When I first started writing, I never imagined that I'd branch out into commentary and journalistic articles (I don't have a degree in journalism). But the problem with that mindset is that it didn't stretch my abilities as a writer. I've since expanded out into different areas other than fiction novel writing. I'm now a writer for Spokane Faith & Values, where I have the chance to write as much commentary on faith and value related issues as I want, and I get to report on various faith and value related activities happening in the community and the world.
I hear you say, "I can't distract myself from writing my novel. I already don't spend enough time writing it." But I've found that taking a break away to write something completely different from my target genre actually helps my novel writing.
Sometimes I can spend hours contemplating a scene for a book, but by stepping away and working on another project in a completely different area, I can let my subconscious brain work out the details of the scene I was working on. Then when I come back to the novel, I often find I write with renewed vigor.
The other advantage of writing commentary or articles is that it increases your exposure as a writer. There is no better way to increase exposure to your name than having it in as many places as possible. That's what we should strive for. Writing commentary or articles not only increases exposure but adds to your credibility as an author.
And it's not that much extra work. The most efficient commentary for a lot of online publications are those bordering around the 600-800 word mark, though some can stretch out a little further. With competing interests to mind nowadays, most will balk at a 1500 word article, but not blink to read a 400 word article. It seems trivial, but it's the truth.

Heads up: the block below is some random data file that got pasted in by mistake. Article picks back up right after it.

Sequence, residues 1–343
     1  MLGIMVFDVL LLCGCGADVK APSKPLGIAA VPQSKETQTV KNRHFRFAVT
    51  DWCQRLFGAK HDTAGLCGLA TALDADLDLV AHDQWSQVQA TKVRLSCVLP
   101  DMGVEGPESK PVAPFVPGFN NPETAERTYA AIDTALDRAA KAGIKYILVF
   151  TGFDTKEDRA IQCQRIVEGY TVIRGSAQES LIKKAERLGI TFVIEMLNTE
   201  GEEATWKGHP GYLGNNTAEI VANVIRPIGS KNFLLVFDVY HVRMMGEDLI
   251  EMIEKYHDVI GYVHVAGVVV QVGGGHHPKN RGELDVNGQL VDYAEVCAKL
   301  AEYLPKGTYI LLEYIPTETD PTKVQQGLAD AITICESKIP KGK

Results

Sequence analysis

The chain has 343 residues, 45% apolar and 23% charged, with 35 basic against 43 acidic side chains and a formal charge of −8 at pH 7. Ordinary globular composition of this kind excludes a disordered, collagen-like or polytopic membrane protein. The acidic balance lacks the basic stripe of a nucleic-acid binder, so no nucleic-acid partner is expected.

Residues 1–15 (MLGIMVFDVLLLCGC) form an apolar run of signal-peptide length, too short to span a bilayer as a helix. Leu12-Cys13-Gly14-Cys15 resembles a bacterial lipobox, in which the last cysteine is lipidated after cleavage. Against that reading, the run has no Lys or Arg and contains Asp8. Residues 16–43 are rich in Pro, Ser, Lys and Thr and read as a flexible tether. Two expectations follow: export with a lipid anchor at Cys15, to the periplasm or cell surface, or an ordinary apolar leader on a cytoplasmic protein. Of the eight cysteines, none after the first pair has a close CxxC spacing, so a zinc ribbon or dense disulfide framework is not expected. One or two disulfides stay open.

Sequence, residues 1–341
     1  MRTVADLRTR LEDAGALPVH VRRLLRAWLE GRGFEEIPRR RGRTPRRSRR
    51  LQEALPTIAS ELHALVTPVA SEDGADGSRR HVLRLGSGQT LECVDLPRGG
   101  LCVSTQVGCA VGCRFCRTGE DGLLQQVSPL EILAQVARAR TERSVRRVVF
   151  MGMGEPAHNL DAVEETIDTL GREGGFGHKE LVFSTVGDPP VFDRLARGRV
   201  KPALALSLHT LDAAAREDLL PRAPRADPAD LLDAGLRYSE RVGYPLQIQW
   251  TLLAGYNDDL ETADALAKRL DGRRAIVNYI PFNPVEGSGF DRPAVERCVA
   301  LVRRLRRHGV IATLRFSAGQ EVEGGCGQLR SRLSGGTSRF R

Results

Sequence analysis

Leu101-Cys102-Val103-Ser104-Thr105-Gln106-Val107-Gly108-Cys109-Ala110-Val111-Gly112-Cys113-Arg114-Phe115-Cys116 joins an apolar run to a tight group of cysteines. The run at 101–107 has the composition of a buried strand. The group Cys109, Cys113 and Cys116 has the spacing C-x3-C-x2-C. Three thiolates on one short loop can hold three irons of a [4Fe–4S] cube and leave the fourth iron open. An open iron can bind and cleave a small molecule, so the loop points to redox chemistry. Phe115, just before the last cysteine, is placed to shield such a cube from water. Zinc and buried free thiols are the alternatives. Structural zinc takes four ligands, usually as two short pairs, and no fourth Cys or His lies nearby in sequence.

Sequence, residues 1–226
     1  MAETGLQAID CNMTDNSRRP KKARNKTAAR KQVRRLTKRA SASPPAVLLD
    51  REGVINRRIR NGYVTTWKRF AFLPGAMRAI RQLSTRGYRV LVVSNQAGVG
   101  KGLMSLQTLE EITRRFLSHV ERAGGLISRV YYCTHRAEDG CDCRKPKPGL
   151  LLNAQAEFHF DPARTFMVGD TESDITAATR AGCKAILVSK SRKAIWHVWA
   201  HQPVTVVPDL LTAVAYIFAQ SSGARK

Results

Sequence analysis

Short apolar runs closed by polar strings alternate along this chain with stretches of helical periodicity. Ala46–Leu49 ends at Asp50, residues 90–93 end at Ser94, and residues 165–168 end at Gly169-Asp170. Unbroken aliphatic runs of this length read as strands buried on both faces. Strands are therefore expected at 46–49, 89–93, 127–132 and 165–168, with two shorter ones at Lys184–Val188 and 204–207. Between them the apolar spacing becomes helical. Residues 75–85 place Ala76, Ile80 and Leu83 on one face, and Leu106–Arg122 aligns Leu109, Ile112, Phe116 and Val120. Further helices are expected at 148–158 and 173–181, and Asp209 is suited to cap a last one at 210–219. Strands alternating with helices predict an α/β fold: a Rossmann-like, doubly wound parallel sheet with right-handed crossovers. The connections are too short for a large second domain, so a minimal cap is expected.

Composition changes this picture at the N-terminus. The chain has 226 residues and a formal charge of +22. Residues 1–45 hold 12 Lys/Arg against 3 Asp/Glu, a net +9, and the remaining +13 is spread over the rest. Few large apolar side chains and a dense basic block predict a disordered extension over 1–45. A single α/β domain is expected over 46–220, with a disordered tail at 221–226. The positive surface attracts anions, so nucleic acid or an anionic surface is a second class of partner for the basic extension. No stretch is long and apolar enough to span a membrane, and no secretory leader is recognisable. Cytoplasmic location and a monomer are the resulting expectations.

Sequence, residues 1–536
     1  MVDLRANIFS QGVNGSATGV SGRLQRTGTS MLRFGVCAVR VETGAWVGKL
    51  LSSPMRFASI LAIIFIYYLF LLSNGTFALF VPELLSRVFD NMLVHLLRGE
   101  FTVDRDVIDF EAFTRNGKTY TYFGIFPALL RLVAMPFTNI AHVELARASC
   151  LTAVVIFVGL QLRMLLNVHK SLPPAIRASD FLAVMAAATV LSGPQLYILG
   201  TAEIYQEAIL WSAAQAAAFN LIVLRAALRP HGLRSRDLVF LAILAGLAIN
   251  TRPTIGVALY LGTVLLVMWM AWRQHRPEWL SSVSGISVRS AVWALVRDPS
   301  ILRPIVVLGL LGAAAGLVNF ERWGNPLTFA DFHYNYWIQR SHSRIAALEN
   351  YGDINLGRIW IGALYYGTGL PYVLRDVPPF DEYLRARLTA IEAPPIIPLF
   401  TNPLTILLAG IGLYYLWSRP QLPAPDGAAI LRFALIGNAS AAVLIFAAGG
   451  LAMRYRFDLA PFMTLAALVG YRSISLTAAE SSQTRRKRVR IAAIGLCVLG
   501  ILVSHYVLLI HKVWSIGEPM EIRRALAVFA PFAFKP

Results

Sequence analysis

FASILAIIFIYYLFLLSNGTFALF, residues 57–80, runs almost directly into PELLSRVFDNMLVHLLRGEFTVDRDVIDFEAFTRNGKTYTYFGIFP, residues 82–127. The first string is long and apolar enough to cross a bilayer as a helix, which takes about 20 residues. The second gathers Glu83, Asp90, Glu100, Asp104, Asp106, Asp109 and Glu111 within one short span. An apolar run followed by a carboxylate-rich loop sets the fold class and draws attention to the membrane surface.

So how do you get involved in this?
1. First scroll through the pages you like on Facebook. Do they write articles and commentary? Visit their websites and find out? There are so many pages out there, each geared toward a target audience. For instance, not only do I have articles published on Spokane FaVs, but I've also recently submitted articles to the Ensign Magazine and LDS Daily. Look for what interests you. Find the pages that reflect your personal passions and see if you can write a guest commentary.
2. Find your local print publications, newspapers and magazines, and see if they allow outside contributions.
3. Find blogs that you follow and reach out to them and see if you can write a guest post.
Thrusting yourself out there for people to read your opinions can be a bit scary. Just like with your novel writing, you will find people that don't like your writing style, or who disagree with your opinion, sometimes more vocally than others. But don't waste your time on the naysayers. When I started writing commentary, I knew I would probably get a person or two, who wouldn't like what I had to say. It happened. I didn't think however that it would be another writer on the site. But it goes to show you, not everyone will appreciate your voice. And that's okay. If someone is responding, that means they read what I had to say and it evoked enough emotion that they felt they needed to say something. That is the reality of the nature of being a writer. We have to develop a thick skin sometimes. Reviews for our books won't always be sunshine and lollypops, and neither will reactions to our commentary or articles.
Though it may feel uncomfortable to stretch ourselves, the only way we can grow as writers is to continually push our own boundaries. Our skill will grow with every key we pound and every word we right.